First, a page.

‘For God so loved the world that he gave his only Son, so that everyone who believes in him may not perish but may have eternal life.
‘Indeed, God did not send the Son into the world to condemn the world, but in order that the world might be saved through him.
Let us pray: God of water and wind, thank you for loving us – us and all of the way we do things – enough to speak words of love, in stories of new birth. Keep speaking, God, in what I say and what we all hear, in Christ’s name. Amen.
This past week has been a time of change in my life. It has been wonderful to be here, to be welcomed so graciously by so many of you. It has also been a little of a surreal experience, as I moved from the Washington area to New York nine years ago this summer, closing the folder of my life marked “D.C.” I didn’t think I would be there forever, but I always thought my next move would be further south, closer to family in Georgia, the Carolinas or Tennessee.
But it’s as if someone clicked on the D.C. icon on the desktop of my life, and here I am again. Some of what’s in it is current, but so much has changed. There have been three or four days when I couldn’t have described to you how to get somewhere, but my car just knows where to turn – and half the time I end up lost because things look so different. I’m getting to know a neighborhood, Mt. Pleasant, that has changed drastically since I lived in the District. I’ve made a new friend, who I’ve shared an apartment with this week, and who I wish could stay longer.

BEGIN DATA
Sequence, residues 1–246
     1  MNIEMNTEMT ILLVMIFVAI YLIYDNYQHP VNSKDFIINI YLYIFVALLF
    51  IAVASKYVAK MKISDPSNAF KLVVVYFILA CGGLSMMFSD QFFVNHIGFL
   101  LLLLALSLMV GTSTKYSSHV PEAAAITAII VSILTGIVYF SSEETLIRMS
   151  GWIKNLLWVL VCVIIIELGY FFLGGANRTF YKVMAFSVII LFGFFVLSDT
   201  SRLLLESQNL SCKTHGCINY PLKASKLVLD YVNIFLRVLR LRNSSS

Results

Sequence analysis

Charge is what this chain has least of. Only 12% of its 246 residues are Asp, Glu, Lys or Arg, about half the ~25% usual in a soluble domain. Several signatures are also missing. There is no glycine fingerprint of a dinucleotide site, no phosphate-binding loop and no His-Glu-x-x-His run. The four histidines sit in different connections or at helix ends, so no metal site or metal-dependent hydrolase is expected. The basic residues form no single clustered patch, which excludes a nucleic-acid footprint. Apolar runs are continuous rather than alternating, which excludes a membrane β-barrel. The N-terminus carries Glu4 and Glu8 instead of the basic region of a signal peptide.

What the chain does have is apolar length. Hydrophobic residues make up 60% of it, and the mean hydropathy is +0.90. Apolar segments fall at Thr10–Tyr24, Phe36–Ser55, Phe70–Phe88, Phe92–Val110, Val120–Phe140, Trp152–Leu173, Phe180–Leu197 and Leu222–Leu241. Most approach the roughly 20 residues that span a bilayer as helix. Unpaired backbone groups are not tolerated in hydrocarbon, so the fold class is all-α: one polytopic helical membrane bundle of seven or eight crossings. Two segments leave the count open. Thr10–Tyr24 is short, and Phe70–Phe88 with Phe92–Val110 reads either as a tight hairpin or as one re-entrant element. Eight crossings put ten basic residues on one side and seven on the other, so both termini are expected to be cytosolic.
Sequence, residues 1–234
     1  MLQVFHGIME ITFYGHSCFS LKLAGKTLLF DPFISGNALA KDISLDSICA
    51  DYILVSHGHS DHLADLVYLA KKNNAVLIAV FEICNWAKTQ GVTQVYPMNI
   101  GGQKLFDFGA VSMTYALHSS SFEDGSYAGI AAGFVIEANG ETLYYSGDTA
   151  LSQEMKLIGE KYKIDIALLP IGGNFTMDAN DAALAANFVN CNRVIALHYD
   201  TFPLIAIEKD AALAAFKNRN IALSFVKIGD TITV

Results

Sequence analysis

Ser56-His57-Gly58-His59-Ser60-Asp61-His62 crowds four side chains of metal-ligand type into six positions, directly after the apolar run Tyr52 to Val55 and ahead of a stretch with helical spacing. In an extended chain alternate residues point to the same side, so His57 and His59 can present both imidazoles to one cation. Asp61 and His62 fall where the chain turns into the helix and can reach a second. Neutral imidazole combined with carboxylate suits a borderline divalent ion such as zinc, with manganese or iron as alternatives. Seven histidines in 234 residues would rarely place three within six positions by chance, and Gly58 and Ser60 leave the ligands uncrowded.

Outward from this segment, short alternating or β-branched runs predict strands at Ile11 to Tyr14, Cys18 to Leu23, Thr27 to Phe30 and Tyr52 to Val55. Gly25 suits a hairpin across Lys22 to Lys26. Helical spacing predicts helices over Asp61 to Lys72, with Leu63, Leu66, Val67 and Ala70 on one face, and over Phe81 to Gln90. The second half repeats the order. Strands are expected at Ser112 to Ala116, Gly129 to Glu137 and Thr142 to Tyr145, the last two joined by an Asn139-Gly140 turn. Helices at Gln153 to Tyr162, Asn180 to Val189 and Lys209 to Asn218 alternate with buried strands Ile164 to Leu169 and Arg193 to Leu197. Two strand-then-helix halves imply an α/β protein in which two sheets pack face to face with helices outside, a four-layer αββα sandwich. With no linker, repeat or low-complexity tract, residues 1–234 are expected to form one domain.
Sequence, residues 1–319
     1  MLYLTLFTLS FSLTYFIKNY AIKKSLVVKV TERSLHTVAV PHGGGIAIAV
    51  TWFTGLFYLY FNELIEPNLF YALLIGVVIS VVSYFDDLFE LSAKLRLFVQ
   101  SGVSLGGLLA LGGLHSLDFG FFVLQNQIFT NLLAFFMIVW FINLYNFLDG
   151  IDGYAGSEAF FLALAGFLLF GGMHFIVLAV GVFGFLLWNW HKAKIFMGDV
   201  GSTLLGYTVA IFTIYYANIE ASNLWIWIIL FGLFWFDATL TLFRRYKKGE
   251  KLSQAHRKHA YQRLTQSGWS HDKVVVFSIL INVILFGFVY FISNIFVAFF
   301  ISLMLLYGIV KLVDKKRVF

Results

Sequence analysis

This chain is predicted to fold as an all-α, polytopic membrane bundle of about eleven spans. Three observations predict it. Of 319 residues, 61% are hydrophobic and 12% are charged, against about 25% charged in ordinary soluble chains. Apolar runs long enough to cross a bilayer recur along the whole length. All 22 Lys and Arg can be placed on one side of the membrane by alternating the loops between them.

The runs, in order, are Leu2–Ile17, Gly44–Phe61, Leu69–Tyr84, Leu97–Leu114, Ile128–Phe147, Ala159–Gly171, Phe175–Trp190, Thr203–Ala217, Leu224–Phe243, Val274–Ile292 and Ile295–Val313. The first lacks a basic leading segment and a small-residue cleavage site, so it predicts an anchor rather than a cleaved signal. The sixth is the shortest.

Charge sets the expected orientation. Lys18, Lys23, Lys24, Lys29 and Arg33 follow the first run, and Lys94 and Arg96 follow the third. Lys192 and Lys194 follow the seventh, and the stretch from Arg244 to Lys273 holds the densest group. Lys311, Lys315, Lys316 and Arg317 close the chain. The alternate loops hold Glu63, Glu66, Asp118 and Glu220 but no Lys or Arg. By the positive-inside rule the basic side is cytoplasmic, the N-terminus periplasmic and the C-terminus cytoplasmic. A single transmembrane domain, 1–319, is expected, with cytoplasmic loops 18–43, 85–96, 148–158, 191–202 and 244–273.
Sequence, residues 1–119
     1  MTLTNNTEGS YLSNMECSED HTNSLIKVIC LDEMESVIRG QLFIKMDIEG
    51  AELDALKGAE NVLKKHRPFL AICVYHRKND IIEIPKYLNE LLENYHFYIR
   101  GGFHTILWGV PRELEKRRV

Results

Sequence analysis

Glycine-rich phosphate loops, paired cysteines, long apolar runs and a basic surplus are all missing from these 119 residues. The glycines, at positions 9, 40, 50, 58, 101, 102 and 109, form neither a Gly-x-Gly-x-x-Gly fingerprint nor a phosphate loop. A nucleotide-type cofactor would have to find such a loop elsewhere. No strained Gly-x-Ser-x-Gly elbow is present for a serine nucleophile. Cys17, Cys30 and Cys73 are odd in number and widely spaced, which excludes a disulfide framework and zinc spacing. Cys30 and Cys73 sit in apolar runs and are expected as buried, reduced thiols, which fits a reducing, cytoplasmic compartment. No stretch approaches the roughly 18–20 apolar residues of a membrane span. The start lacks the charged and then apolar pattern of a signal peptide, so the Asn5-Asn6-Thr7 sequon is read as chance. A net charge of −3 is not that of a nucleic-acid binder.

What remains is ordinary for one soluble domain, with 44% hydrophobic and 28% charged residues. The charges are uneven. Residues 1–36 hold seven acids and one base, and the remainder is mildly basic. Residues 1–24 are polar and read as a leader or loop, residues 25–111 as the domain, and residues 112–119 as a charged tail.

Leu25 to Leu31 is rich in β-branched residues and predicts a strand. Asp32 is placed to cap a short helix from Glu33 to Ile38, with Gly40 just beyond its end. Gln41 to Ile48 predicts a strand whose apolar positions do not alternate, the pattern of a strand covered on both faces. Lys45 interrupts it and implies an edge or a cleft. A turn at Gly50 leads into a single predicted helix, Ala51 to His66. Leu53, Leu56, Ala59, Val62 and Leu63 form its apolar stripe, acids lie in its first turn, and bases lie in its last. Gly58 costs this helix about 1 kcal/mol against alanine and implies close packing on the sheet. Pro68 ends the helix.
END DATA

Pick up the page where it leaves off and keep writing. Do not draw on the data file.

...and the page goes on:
There have been “aha” moments, when I meet one of you whose name I’ve seen or whom I’ve heard about, and frustrating times, realizing that my box of stoles and crosses did not make it through the postal service. And I’ve missed my family, who seem on the surface to be doing just fine without me.
On one level, it’s all ordinary, part of what happens when you move. You miss old friends, but you get to know new ones. You find some wonderful place in a new neighborhood and remember some part of your old one that you really won’t miss at all. Ordinary, run-of-the-mill move.
But. What if there’s more? What if this ordinary experience is truly a chance to recognize something extraordinary going on? What difference does it make when you hear this story about being born again, or anew, or from above – about being born with water and Wind? What if it helps us realize that so many experiences we deem ordinary are anything but? What if this story is so that whoever hears it might recognize, in whatever life brings, an opportunity to be born, over and over and over again?
I think most of us go through most of life taking our days at face value. What happens is what happens and you deal with it the best you can. Like Nicodemus, we hear someone say something familiar, and if it rings true with our experience, we assume we know what it means. A person says “I’m hungry” and we believe they want food. And maybe that’s true. But maybe they are hungry for love and attention. Or maybe they’re really bored, and they eat when they get bored.